Good afternoon everyone! Can you kindly help me with these sentences (I really don't know if natives do write this way about the priority in life (which for me is education). For some people money is ...
1
vote
1answer
47 views

'Just now': past, future or both?

I only use it speaking of something that has just been done, i.e. in the very near past. I've finished washing the dishes just now. Can it be used also speaking of something that is about to be ...
1
vote
2answers
83 views

Definition of 'Gauntlet' [duplicate]

I always thought gauntlet had 2 definitions: the hand piece of a suit of armour, and an obstacle course, like the kind filled with swinging traps and pits. I've looked on the internet for a ...
6
votes
2answers
516 views

Can we say “My brother is my twin”? [closed]

I want to say "My brother and I are twins" in another way. Is it right to say 'My brother is my twin' ?
5
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2answers
611 views

Proper meaning of the slang “Baby”

Let him do it because it's his baby. Don't push this job on me because it's your baby, not mine. This classic show car is his baby. Hey baby, how are you doing today? I understand that the speaker ...
7
votes
3answers
352 views

Authors who “fracture” the language

What's this reportedly AmEng usage of fracture to mean go beyond the limits of (as rules); violate (M-W), as in "This writer fractured the English language with malaprops"? How does this word differ ...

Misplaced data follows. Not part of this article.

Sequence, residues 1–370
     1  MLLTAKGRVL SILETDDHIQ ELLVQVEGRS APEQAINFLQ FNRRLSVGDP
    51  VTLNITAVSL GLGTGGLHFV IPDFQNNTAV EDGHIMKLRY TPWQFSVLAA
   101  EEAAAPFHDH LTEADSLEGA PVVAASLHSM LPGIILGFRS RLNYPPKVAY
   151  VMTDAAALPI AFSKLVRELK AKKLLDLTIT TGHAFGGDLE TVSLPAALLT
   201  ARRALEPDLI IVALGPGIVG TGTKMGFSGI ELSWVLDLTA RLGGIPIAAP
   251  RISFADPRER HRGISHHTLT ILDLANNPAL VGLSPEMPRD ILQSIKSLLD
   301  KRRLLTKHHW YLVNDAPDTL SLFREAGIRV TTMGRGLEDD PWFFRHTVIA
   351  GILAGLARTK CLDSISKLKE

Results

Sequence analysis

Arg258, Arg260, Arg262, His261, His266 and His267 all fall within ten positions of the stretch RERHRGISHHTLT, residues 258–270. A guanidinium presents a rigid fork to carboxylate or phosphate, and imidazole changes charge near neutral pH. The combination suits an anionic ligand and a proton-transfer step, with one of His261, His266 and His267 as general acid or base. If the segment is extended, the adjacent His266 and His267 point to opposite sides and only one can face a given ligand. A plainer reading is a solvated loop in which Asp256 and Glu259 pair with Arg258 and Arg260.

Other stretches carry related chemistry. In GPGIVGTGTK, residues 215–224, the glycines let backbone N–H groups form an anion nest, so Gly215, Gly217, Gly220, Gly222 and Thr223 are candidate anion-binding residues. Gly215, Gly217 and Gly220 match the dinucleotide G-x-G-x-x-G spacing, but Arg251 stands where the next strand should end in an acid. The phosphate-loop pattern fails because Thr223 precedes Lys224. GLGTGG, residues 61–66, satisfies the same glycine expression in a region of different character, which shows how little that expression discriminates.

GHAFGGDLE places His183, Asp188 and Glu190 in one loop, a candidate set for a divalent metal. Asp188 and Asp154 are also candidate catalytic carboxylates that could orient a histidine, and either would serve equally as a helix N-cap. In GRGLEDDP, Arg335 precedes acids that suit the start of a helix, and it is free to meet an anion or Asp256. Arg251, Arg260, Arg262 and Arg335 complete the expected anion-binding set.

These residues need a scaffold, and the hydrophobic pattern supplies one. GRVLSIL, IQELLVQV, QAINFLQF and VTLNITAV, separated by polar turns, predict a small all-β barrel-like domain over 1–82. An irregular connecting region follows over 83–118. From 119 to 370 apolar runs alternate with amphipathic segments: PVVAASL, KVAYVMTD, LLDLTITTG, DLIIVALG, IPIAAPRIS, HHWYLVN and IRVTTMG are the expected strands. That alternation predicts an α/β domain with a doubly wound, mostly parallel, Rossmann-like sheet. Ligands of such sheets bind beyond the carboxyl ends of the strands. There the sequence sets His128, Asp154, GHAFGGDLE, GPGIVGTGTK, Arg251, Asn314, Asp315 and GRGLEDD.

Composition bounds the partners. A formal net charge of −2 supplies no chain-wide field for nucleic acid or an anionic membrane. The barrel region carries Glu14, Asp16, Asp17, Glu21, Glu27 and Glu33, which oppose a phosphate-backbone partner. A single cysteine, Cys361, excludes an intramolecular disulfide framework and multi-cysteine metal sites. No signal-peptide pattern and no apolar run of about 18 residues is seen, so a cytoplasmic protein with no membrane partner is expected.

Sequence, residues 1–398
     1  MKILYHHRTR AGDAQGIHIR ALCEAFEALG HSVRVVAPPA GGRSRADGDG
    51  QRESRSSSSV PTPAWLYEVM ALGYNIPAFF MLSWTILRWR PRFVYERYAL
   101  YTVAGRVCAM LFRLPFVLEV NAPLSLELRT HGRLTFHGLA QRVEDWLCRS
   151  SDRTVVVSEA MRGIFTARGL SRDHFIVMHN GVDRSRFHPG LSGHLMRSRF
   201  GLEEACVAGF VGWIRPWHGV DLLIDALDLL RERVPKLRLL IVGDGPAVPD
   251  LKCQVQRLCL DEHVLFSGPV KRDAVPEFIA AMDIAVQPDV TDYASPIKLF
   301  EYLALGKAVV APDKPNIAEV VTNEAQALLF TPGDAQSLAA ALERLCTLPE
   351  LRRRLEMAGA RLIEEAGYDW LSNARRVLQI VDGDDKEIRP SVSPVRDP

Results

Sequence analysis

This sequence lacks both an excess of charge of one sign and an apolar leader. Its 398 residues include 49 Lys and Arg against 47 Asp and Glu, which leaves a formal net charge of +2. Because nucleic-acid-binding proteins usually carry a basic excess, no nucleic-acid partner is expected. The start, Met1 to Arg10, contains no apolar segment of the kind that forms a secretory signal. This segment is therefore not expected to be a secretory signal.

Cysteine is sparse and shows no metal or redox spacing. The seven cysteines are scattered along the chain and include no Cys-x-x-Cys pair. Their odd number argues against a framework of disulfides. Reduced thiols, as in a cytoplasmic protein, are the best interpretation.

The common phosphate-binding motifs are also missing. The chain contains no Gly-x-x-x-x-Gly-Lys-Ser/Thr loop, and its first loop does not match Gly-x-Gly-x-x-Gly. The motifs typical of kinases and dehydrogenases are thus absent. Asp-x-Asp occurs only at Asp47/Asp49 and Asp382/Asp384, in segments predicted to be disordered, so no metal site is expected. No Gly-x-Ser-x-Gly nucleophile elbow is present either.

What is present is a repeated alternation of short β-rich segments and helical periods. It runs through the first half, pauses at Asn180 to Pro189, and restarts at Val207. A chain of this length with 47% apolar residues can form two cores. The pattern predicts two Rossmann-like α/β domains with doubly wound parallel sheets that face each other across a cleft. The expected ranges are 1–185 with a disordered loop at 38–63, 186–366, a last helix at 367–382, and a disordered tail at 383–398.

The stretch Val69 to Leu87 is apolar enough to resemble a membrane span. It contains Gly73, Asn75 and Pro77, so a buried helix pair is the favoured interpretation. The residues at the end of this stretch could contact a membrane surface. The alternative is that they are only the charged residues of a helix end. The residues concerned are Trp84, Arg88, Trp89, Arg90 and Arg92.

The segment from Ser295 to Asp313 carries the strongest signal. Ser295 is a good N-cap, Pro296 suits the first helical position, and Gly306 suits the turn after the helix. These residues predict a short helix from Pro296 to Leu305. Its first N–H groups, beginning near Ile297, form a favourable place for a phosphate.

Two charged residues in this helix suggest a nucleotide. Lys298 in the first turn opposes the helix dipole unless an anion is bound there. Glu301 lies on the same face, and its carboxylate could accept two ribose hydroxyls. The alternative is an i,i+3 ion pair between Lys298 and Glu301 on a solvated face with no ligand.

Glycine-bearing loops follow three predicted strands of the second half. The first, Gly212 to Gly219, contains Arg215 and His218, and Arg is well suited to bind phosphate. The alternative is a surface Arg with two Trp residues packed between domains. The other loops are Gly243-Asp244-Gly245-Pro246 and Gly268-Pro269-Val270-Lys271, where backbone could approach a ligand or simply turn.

2
votes
1answer
140 views

Foods that “insult” the body

How common is the word insult in the sense "[cause] bodily injury/trauma" in modern day English? Is it chiefly medical speak, or has it spread into general print that even the layperson knows what it ...
7
votes
5answers
302 views

The rain is “lifting”

How can the rain "lift"? I mean, I can pretty well figure out that the fog or mist or smog, etc. "lifts", i.e. disappears or disperses by or as if by rising, but "the rain lifting" sounds like it's ...
4
votes
2answers
64 views

accord / concord usage

What difference of sense would you hear in the following between "accord" and "concord": "…all of whom remain within the enviable sphere of domestic accord/concord." The OED is inconclusive, if not ...
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votes
2answers
331 views

Meaning of the phrase “What in carnation?”

What does the phrase "What in carnation" mean in the following sentence? What in carnation are you saying? Does the speaker mean "What are you saying about?" in the sentence above? I googled ...
5
votes
2answers
80 views

Is “to do well” used more frequently in India?

When I talk to Indians on line, I have the impression that they use the expression (compound verb?) "to do well" a lot. Is it only an impression of mine, or is that expression more frequently used in ...